US 6490420 B2
A security method for smart cards used for accessing appliances or the like. The smart card is provided with a memory source having a plurality of addressed floating memory locations. Periodically, one of the floating memory locations is randomly selected as a security location and a security code is written in the security location. The security code and the address of the security location in the card's memory device is stored in the appliance's memory or in a central controllers memory. Periodically, the code in the floating memory location at the address stored in the appliance memory device is compared with the security code in the appliance memory device. If the two codes are not the same, then an alert code is written into each of the memory locations and/or the smart card is disabled. If the two codes are the same, then the appliance is placed in a stand by mode ready to provide service.
1. A security method for a smart card comprising the steps of:
a) providing said smart card with a memory source having a plurality of addressed floating memory locations;
b) randomly selecting one of said floating memory locations as a security location:
c) writing a security code into said security location, and
d) periodically repeating steps b) and c).
2. The method of
3. The method of
providing an appliance memory device in an appliance;
storing said security code in said appliance memory device;
storing the address of said security location in said appliance memory device: and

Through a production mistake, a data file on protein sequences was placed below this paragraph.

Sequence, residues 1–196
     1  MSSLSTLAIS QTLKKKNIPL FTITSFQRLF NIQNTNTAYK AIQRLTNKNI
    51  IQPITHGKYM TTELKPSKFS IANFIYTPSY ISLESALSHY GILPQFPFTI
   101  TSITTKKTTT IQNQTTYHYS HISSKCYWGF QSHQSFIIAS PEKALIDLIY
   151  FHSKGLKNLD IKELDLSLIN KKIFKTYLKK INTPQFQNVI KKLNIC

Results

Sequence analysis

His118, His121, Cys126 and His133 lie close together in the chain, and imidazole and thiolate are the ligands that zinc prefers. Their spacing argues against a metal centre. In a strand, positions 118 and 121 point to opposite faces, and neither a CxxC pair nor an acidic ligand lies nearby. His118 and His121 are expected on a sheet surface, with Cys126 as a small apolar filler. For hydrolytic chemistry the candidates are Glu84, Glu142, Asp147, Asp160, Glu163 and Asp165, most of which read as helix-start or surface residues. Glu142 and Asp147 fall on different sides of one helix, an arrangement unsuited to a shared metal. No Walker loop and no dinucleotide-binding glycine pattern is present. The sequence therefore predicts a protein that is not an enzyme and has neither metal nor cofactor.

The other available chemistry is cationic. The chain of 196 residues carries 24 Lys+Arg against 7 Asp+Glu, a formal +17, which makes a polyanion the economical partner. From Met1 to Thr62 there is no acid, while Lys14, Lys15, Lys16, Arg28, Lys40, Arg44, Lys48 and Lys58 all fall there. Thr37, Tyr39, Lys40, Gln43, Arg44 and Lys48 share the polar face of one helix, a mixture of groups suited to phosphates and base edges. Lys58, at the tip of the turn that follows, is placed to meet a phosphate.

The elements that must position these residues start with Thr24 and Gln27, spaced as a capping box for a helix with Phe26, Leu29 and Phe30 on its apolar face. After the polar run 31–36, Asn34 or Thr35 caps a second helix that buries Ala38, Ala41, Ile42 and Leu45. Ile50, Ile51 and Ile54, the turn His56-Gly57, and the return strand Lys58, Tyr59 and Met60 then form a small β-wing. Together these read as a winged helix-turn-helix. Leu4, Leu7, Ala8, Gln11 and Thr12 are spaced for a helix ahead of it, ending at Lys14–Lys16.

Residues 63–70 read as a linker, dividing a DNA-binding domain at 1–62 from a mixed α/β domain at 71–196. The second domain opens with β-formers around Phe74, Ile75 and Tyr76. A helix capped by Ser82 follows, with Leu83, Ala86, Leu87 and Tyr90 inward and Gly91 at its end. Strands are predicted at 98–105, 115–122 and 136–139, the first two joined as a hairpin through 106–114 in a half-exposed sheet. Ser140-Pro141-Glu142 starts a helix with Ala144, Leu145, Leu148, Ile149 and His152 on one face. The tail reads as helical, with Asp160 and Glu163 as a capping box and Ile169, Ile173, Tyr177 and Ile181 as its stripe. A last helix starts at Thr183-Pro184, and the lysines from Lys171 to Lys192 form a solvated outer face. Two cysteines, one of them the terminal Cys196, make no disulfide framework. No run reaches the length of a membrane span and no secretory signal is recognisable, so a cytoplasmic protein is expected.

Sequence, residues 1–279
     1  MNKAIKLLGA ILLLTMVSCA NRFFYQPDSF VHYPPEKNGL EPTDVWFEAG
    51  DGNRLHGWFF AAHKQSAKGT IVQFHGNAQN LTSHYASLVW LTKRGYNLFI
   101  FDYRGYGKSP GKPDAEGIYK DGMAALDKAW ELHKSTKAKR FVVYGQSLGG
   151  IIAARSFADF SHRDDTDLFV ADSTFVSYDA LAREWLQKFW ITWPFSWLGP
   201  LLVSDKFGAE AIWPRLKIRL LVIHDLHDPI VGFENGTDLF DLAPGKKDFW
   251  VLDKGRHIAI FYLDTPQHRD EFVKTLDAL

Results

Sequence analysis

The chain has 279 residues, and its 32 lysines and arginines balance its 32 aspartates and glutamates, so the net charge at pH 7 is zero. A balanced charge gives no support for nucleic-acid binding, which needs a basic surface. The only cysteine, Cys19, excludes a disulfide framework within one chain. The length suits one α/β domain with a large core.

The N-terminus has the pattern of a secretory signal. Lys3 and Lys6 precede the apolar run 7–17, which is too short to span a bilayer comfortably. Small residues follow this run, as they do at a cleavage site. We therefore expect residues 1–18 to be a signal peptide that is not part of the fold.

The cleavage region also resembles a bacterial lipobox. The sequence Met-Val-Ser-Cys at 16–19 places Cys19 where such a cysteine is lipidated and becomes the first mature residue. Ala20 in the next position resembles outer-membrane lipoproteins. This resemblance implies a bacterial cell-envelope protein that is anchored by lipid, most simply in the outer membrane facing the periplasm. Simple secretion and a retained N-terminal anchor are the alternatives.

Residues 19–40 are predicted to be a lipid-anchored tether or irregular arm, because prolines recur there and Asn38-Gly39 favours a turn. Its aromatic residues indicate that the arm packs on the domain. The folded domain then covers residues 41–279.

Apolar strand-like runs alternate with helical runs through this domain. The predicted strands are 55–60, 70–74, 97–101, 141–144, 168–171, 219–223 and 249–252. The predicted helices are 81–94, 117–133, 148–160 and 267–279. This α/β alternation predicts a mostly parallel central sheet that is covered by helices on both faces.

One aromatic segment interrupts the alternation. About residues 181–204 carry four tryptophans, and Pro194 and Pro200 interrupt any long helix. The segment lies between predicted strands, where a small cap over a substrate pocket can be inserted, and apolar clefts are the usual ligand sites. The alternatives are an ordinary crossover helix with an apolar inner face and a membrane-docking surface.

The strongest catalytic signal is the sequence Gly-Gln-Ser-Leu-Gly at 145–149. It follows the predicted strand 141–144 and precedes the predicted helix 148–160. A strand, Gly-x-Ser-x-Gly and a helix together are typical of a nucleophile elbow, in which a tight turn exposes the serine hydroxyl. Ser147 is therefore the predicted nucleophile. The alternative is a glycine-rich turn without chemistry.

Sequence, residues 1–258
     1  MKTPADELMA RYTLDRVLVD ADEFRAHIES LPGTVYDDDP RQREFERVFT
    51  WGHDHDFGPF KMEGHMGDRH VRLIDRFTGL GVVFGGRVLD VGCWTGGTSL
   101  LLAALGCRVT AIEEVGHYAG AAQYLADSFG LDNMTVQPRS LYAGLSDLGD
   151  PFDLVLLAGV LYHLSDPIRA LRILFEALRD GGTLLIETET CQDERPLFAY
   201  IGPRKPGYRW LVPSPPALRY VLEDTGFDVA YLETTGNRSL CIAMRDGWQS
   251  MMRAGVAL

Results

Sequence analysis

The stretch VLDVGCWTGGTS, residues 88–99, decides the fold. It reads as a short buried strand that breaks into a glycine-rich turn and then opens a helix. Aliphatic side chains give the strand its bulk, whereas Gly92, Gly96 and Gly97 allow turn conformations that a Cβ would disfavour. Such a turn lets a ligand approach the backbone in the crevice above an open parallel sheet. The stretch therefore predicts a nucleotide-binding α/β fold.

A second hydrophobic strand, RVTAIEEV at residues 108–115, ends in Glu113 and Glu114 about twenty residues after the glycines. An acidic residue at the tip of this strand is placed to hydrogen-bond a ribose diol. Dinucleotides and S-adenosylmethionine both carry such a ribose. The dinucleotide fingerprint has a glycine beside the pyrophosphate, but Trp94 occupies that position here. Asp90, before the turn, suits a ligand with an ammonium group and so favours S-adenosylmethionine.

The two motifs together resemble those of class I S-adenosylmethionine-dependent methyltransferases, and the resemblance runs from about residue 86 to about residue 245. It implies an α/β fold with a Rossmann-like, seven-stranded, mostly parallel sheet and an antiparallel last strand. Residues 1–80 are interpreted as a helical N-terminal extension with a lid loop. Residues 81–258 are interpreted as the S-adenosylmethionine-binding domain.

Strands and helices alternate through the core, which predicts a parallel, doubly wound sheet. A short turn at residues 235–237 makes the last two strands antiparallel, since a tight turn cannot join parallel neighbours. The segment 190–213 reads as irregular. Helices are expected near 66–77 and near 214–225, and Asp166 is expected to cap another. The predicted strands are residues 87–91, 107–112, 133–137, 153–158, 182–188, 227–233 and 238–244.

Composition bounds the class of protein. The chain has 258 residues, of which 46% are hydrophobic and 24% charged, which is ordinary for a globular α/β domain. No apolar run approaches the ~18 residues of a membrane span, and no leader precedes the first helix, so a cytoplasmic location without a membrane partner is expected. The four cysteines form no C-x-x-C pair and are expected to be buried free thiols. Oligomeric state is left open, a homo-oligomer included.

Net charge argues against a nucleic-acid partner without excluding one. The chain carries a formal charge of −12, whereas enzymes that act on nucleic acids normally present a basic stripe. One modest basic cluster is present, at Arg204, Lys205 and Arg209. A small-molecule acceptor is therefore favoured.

periodically comparing a security code in a said floating memory location at said address stored in said appliance memory device with said security code in said appliance memory device.
4. The method of
5. The method of
6. The method of
7. The method of
8. The method of
9. The method of
10. The method according to
This application is a Continuation-In-Part of U.S. patent application Ser. No. 09/745,171 filed on Dec. 20, 2000, now U.S. Pat. No. 6,351,618.
The present invention relates to a security system for ensuring that smart cards, such as ID/security badges, pre-paid debit cards, automatic billing cards and the like, are being used within their effective lifespan and according to any existing pre-paid fees, warranty or license.
It is desirable to provide a means by which only the appropriate type of pre-paid, licensed or authorized cartridge or smart card may be used with a specific electrostatographic reproducing machine or other appliance.